OVERNIGHT DEFENSE: White House to brief House, Senate on NSA program

Last Thursday, Director of National Intelligence James Clapper said the leaks will cause "long-lasting and irreversible harm" to ongoing efforts to safeguard the United States from outside threats. 

"The unauthorized disclosure of information about this important and entirely legal program is reprehensible and risks important protections for the security of Americans," Clapper said in a statement after initial reports of the NSA programs went public. 

Weeks before the Verizon phone-sweeping program began, Clapper testified before Congress that the NSA does not conduct intelligence on American citizens.

Appearing before the Senate Select Committee on Intelligence in March, Clapper denied allegations by panel members that the agency conducted electronic surveillance of Americans on U.S. soil.

"Does the NSA collect any type of data at all on millions or hundreds of millions of Americans?" committee member Sen. Ron WydenRon WydenMnuchin aiming for tax reform by August Dems rip Trump administration for revoking Obama's transgender directive IPAB’s Medicare cuts will threaten seniors’ access to care MORE (D-Ore.) asked Clapper during the March 12 hearing.

In response, Clapper replied quickly: "No, sir."

Senate panel opens up markup: The Senate Armed Services Committee took the rare step of opening up its full-committee markup of the defense authorization bill for two hours to consider sexual assault legislation.

The panel begins its markup of the $600 billion Pentagon policy bill on Tuesday, with three of its five subcommittee markups also open to the public.

That includes the Personnel subcommittee run by Sen. Kirsten GillibrandKirsten GillibrandSanders, not Trump, is the real working-class hero Dem senator predicts Gorsuch will be confirmed A guide to the committees: Senate MORE (D-N.Y.), who is pushing the most ambitious military sexual assault proposal in the Senate.

Gillibrand’s bill would remove the decision to prosecute major criminal cases from the chain of command, a move that is opposed by the military brass.

Senate Armed Services Committee Chairman Carl LevinCarl LevinA package proposal for repatriation Silencing of Warren another example of hyperpartisan Senate GOP going nuclear over Gorsuch might destroy filibuster forever MORE (D-Mich.) has not specifically said he opposes Gillibrand’s bill, but he said Monday that he supports keeping the power to send a case to a court martial within the chain of command, the heart of Gillibrand’s bill.

The House Armed Services panel passed its authorization bill last week without changing the chain of command structure. The panel removed commanders’ ability to overturn guilty verdicts, a change the Senate is also expected to make.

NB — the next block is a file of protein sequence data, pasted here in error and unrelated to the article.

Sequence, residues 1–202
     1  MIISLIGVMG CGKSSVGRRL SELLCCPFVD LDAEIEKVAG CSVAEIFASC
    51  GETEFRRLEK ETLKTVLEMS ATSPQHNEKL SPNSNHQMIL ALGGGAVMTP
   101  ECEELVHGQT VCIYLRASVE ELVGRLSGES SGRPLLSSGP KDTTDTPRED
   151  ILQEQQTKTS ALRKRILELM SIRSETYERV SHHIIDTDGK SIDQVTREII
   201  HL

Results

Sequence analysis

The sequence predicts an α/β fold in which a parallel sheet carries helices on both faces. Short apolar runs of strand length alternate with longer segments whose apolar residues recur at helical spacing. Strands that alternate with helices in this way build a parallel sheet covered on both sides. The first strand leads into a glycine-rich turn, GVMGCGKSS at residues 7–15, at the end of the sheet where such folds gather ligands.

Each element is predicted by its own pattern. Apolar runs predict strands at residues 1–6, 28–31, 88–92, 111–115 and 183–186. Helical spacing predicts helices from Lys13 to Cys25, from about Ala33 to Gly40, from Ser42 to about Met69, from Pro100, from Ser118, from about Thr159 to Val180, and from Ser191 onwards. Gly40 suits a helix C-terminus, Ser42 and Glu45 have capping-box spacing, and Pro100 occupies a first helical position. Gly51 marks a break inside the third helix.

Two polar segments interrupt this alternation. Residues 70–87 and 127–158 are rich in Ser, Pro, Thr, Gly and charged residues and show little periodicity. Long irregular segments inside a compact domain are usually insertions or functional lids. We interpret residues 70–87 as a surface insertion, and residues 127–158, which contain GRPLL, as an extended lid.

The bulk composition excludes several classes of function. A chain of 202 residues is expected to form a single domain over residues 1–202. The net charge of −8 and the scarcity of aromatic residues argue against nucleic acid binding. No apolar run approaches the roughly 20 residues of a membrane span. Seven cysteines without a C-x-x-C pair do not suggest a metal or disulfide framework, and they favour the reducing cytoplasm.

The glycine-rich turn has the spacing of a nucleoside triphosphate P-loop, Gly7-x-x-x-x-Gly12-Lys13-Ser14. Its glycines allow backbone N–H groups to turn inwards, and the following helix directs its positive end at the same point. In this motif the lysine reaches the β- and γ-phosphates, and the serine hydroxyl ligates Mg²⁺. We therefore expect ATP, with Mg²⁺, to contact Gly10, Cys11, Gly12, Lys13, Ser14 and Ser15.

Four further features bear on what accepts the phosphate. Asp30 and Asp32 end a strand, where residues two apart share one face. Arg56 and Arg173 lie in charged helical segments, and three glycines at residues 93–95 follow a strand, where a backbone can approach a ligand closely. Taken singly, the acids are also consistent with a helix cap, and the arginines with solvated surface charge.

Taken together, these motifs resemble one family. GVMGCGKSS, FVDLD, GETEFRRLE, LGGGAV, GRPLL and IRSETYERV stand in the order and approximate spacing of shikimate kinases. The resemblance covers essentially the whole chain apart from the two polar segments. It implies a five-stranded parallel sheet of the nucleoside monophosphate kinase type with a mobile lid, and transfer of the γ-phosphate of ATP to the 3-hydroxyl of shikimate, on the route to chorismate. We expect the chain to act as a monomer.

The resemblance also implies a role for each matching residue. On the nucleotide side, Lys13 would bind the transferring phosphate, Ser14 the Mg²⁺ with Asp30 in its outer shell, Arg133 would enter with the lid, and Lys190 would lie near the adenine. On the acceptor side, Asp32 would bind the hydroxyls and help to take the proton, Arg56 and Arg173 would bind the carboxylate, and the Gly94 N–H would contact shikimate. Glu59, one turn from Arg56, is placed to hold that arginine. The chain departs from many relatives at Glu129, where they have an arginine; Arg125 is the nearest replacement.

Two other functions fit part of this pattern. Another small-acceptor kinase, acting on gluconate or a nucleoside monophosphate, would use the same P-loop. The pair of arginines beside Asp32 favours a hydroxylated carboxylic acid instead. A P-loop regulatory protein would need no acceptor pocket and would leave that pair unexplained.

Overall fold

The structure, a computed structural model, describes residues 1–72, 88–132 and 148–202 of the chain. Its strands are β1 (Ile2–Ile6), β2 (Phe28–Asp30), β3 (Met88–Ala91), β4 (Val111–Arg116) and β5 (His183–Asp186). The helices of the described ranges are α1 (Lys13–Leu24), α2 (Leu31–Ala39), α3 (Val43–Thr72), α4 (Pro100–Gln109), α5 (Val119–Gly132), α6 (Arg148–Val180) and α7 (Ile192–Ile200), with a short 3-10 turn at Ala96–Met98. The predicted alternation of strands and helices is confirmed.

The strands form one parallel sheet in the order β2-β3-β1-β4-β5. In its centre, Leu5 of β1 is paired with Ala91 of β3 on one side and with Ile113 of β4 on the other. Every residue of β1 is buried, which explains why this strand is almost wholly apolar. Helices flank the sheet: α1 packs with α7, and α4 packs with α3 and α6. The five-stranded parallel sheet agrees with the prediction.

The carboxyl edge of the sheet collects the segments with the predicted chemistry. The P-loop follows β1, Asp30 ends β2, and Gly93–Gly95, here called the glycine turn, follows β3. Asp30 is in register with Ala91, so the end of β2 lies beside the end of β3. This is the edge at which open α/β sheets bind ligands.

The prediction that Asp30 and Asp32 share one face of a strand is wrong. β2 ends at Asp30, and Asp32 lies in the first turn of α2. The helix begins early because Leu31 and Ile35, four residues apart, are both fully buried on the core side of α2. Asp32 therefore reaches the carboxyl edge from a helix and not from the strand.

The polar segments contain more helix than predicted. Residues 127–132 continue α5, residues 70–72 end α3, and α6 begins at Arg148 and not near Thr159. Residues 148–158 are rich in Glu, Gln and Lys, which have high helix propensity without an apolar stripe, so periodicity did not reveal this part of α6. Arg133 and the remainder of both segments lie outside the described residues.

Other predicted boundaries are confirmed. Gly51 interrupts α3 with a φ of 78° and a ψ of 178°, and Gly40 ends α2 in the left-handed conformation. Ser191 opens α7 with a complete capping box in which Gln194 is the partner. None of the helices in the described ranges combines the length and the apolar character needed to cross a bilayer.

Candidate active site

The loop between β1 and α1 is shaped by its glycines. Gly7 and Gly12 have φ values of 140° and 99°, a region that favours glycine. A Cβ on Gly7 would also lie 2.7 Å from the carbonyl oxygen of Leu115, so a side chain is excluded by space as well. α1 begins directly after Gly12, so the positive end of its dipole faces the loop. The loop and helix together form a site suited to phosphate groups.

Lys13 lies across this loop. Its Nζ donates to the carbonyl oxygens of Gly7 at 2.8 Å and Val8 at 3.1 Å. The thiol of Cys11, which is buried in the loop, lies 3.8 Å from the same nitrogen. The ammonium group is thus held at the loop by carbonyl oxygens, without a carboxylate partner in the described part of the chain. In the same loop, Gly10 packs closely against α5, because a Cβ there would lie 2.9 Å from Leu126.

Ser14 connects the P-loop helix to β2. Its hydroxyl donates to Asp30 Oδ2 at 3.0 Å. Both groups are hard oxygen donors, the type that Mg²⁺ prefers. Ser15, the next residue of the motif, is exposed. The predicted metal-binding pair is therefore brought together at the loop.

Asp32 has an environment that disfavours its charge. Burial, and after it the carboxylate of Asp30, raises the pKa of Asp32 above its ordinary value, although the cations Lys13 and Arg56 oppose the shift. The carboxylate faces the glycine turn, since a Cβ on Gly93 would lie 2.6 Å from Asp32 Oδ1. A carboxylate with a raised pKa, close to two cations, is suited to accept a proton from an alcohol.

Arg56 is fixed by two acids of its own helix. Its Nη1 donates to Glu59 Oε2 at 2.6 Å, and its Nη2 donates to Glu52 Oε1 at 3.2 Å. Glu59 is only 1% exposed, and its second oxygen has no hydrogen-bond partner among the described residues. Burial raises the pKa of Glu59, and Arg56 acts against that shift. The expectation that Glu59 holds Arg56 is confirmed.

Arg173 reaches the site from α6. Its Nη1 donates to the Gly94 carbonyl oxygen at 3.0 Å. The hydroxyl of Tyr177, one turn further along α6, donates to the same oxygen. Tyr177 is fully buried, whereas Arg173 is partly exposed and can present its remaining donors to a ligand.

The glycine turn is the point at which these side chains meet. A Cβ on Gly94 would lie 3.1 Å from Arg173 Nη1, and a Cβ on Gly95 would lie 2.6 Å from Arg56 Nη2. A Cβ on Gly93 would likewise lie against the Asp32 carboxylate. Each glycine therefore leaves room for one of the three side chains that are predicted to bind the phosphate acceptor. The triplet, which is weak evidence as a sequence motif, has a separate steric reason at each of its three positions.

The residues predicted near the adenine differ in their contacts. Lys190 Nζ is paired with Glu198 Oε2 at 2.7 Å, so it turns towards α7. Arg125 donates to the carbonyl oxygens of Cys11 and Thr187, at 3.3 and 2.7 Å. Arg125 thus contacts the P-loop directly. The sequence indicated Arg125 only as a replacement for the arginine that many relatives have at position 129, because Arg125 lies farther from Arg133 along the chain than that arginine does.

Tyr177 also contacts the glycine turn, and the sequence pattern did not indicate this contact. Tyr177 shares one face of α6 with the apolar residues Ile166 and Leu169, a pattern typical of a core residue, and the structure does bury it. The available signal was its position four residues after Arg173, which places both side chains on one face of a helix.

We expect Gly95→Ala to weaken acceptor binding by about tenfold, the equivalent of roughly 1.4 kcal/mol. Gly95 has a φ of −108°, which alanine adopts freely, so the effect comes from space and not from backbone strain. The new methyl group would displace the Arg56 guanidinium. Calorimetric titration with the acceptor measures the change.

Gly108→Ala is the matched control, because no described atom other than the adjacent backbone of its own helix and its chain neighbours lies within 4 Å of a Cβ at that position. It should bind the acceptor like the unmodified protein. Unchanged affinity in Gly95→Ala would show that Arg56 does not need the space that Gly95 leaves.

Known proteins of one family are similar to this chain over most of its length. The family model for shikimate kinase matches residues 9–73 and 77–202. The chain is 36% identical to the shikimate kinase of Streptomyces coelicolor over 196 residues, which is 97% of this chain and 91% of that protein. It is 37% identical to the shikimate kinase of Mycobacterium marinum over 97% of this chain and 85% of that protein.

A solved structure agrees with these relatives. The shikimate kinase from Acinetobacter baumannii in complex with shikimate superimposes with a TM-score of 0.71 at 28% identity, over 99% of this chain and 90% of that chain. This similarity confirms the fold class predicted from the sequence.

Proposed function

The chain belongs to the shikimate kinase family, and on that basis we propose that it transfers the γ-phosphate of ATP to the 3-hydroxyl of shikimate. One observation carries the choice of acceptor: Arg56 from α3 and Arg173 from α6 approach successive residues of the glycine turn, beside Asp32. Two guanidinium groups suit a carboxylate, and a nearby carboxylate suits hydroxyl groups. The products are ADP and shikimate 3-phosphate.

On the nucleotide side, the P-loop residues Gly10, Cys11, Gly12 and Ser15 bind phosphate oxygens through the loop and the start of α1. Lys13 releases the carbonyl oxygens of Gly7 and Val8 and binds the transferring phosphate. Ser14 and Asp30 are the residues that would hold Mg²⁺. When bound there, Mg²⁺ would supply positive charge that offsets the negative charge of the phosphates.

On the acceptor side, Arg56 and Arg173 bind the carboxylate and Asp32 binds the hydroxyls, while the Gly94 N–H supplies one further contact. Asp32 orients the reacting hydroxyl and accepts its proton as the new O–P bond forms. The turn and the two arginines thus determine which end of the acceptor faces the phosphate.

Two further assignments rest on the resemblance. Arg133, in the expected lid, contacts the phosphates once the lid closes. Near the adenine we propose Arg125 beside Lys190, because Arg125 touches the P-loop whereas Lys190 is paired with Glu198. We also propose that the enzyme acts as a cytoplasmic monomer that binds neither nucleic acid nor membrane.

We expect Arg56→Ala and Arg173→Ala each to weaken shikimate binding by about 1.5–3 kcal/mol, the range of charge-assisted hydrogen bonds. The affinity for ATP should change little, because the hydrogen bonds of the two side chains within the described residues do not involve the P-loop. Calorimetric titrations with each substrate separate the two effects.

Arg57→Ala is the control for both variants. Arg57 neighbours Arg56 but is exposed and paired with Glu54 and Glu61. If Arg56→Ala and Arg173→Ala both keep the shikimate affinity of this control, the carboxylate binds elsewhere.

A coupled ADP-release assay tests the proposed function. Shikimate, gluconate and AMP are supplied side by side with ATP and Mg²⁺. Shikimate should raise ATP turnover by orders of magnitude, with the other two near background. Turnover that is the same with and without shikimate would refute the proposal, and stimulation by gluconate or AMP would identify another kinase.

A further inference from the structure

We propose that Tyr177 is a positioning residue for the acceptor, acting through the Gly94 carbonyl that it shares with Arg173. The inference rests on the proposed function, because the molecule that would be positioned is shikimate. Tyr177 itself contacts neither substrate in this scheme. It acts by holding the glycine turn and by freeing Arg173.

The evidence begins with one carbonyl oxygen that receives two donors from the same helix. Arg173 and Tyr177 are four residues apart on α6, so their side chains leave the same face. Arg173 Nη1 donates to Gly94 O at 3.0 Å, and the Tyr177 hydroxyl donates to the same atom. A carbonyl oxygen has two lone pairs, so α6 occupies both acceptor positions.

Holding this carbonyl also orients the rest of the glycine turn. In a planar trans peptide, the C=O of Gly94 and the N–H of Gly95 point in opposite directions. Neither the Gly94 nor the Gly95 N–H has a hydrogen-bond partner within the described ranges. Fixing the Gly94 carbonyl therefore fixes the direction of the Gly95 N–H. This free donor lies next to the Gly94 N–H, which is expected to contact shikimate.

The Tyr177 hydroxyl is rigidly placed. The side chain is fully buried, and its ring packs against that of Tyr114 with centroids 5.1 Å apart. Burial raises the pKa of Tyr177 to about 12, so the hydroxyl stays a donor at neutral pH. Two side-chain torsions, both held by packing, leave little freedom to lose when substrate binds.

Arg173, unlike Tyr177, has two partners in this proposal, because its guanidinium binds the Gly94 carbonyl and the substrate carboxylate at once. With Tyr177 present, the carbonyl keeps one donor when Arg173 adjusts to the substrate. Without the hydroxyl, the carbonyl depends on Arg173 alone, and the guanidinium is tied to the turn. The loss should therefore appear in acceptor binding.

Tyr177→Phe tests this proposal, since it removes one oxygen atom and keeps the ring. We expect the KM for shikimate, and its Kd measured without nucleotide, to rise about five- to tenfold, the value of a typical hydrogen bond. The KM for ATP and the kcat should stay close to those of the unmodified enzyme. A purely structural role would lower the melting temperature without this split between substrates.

Taliban attack airport in Kabul: Afghan security forces repelled a coordinated Taliban attack against the main airport in Kabul early Monday, ending with the deaths of seven insurgents. 

Waves of Taliban gunmen and suicide bombers assaulted the airport, looking to breach the military side of the facility that serves as headquarters to International Security Assistance Force (ISAF) Joint Command, according to recent reports.

At no time was the ISAF side of the airport breached, and no American or NATO troops were killed in the ensuing gun battle, a command official said. 

The Kabul airport attack was the most brazen strike by the Taliban inside Kabul since the beginning of this year's fighting season in the country. 

In May, insurgents detonated a car bomb outside the International Organization for Migration, an international group affiliated with the United Nations, in downtown Kabul.

U.S. and coalition commanders warned attacks like Monday's airport assault would be the hallmark of this year's fighting season, likely the last one for U.S. forces before they withdraw in 2014. 

Roughly 66,000 American troops remain in Afghanistan, with half of those forces scheduled to withdraw from the country this spring. 

Hagel, Dempsey back to Capitol Hill: Defense Secretary Chuck HagelChuck HagelWho will temper Trump after he takes office? Hagel: I’m ‘encouraged’ by Trump’s Russia outreach Want to 'drain the swamp'? Implement regular order MORE and Joint Chiefs Chairman Gen. Martin Dempsey are headed back to Capitol Hill for two more congressional hearings this week.

The pair will appear before the Senate Appropriations Defense Committee on Tuesday and the Senate Budget Committee on Wednesday.

There will be plenty of them to talk about, from the NSA leaks to Syria to the why the 2014 Pentagon budget isn’t under the sequester caps.

Military sexual assault will also be a prominent topic.

Senate Appropriations Committee Chairwoman Barbara MikulskiBarbara MikulskiMikulski on Warren flap: Different rules apply to women It's not just Trump's Cabinet but Congress lacks diversity The Hill's 12:30 Report MORE (D-Md.) is a supporter of Gillibrand’s bill, and she sent an advisory Monday saying she would be questioning the Pentagon specifically on sexual assault.

In Case You Missed It: 

— Al Qaeda merger in Syria called off 

— White House petition seeks pardon for Snowden

— Obama close to decision on arming Syrian rebels 

— Retired Gen. John Allen joins Brookings 

— Sen Feinstein: NSA leaks amount to treason

Please send tips and comments to Jeremy Herb, jherb@thehill.com, and Carlo Muñoz, cmunoz@thehill.com.

Follow us on Twitter: @DEFCONHill, @JHerbTheHill, @CMunozTheHill

You can sign up to receive this overnight update via email on The Hill’s homepage.